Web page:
ILNews

Social Security doesn't go toward threshold

Jennifer Nelson
January 1, 2008
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Social Security benefits can't be counted toward the threshold amount of benefits that a person has to get in order to be eligible for benefits from Indiana's Second Injury Fund, the Indiana Court of Appeals ruled today.

The court tackled the issue of first impression in James Kohlmeyer v. Second Injury Fund, No. 93A02-0711-EX-1000, in which James Kohlmeyer argued Social Security benefits he received after becoming permanently totally disabled as a result of a work accident should count toward the threshold dictated under Indiana Code Section 22-3-3-13(h)(2).

In order to become eligible for Second Injury Fund benefits, the applicant has to exhaust his or her benefits, which in Kohlmeyer's case was a total of $154,665. The worker's compensation benefits he received only totaled $136,381.82; however, if he factored in the nearly $30,000 he received in Social Security benefits, he would reach the threshold amount.

The Indiana Court of Appeals admits Kohlmeyer makes a plausible argument in favor of counting Social Security benefits - he argued the terms "benefits" and "compensation" in the Indiana Worker's Compensation Act are separate terms with separate meanings. He claimed that because the act specifies he is entitled to "compensation" from the Second Injury Fund, that term must mean worker's compensation funds, and that "benefits" include those funds and Social Security benefits.

Because "compensation" and "benefits" aren't defined in the act, the judges determined that when viewed as a whole, those two terms used in Section 22-3-3-13(h) are synonyms with respect to this issue, wrote Judge Ezra Friedlander.

"We conclude instead that the best interpretation of the Act is that it addresses only Worker's Compensation benefits and compensation. In so doing, we necessarily reject Kohlmeyer's claim that the Act neglects to mention Social Security benefits because the statute was written long ago and no one made this argument before," he wrote.

The opinion also addresses the argument Kohlmeyer made that he is entitled to payments from the Second Injury Fund. In the agreement between Kohlmeyer and his employer, it stated he was able to apply for Second Injury Fund benefits, but not that he was entitled to them. When he applied, he didn't meet the threshold requirements, so he was denied, the judge wrote.
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  1. Linda, I sure hope you are not seeking a law license, for such eighteenth century sentiments could result in your denial in some jurisdictions minting attorneys for our tolerant and inclusive profession.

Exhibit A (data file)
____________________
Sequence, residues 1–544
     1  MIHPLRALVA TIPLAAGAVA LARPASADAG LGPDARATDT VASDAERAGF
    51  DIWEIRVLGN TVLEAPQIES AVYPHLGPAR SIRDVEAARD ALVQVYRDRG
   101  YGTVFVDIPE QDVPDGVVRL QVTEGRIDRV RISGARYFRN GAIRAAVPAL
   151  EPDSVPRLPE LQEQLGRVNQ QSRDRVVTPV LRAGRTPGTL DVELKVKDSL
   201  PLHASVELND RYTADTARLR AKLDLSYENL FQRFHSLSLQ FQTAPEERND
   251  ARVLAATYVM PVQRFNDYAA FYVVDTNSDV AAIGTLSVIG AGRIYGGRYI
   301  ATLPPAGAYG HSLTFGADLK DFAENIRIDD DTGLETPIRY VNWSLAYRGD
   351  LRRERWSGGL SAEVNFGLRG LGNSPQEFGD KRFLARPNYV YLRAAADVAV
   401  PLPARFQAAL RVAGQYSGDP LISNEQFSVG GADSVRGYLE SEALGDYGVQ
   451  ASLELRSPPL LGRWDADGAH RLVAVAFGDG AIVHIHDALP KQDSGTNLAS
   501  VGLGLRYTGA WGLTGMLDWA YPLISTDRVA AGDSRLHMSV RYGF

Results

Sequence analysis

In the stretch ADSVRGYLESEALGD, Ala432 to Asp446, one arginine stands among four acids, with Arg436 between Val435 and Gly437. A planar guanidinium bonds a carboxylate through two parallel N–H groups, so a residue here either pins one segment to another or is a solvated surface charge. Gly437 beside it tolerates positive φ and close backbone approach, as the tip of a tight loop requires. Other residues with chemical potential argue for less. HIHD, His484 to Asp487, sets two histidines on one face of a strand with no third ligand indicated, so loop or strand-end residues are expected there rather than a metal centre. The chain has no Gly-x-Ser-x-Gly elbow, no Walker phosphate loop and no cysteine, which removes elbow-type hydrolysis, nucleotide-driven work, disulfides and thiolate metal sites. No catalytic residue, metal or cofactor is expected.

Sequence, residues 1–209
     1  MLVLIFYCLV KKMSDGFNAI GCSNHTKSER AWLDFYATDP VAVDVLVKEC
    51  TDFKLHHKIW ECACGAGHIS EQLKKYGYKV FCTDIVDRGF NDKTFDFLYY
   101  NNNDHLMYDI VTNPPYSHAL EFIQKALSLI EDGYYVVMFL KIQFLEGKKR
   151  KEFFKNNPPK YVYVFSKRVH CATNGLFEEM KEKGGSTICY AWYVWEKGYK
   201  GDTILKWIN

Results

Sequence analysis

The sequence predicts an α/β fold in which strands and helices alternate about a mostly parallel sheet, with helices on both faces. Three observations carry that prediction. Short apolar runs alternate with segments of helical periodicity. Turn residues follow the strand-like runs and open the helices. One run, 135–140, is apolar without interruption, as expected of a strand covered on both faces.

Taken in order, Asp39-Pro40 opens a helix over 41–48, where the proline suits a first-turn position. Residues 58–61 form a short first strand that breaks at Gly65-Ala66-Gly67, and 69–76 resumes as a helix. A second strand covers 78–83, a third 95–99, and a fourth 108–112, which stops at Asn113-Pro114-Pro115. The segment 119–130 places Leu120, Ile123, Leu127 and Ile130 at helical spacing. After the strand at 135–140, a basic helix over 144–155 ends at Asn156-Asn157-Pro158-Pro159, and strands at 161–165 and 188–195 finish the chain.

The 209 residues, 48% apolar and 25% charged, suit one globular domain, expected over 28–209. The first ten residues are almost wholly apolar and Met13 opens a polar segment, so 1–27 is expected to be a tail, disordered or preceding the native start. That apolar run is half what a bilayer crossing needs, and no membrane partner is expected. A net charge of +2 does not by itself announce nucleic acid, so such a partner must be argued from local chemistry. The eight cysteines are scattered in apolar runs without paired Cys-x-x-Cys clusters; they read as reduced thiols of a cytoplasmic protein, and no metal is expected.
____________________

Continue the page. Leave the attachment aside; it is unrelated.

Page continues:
2. Mazel Tov to the newlyweds. And to those bakers, photographers, printers, clerks, judges and others who will lose careers and social standing for not saluting the New World (Dis)Order, we can all direct our Two Minutes of Hate as Big Brother asks of us. Progress! Onward!

  3. My daughter was taken from my home at the end of June/2014. I said I would sign the safety plan but my husband would not. My husband said he would leave the house so my daughter could stay with me but the case worker said no her mind is made up she is taking my daughter. My daughter went to a friends and then the friend filed a restraining order which she was told by dcs if she did not then they would take my daughter away from her. The restraining order was not in effect until we were to go to court. Eventually it was dropped but for 2 months DCS refused to allow me to have any contact and was using the restraining order as the reason but it was not in effect. This was Dcs violating my rights. Please help me I don't have the money for an attorney. Can anyone take this case Pro Bono?

  4. If justice is not found in a court room, it's time to clean house!!! Even judges are accountable to a higher Judge!!!

  5. The small claims system, based on my recent and current usage of it, is not exactly a shining example of justice prevailing. The system appears slow and clunky and people involved seem uninterested in actually serving justice within a reasonable time frame. Any improvement in accountability and performance would gain a vote from me. Speaking of voting, what do the people know about judges and justice from the bench perspective. I think they have a tendency to "vote" for judges based on party affiliation or name coolness factor (like Stoner, for example!). I don't know what to do in my current situation other than grin and bear it, but my case is an example of things working neither smoothly, effectively nor expeditiously. After this experience I'd pay more to have the higher courts hear the case -- if I had the money. Oh the conundrum.

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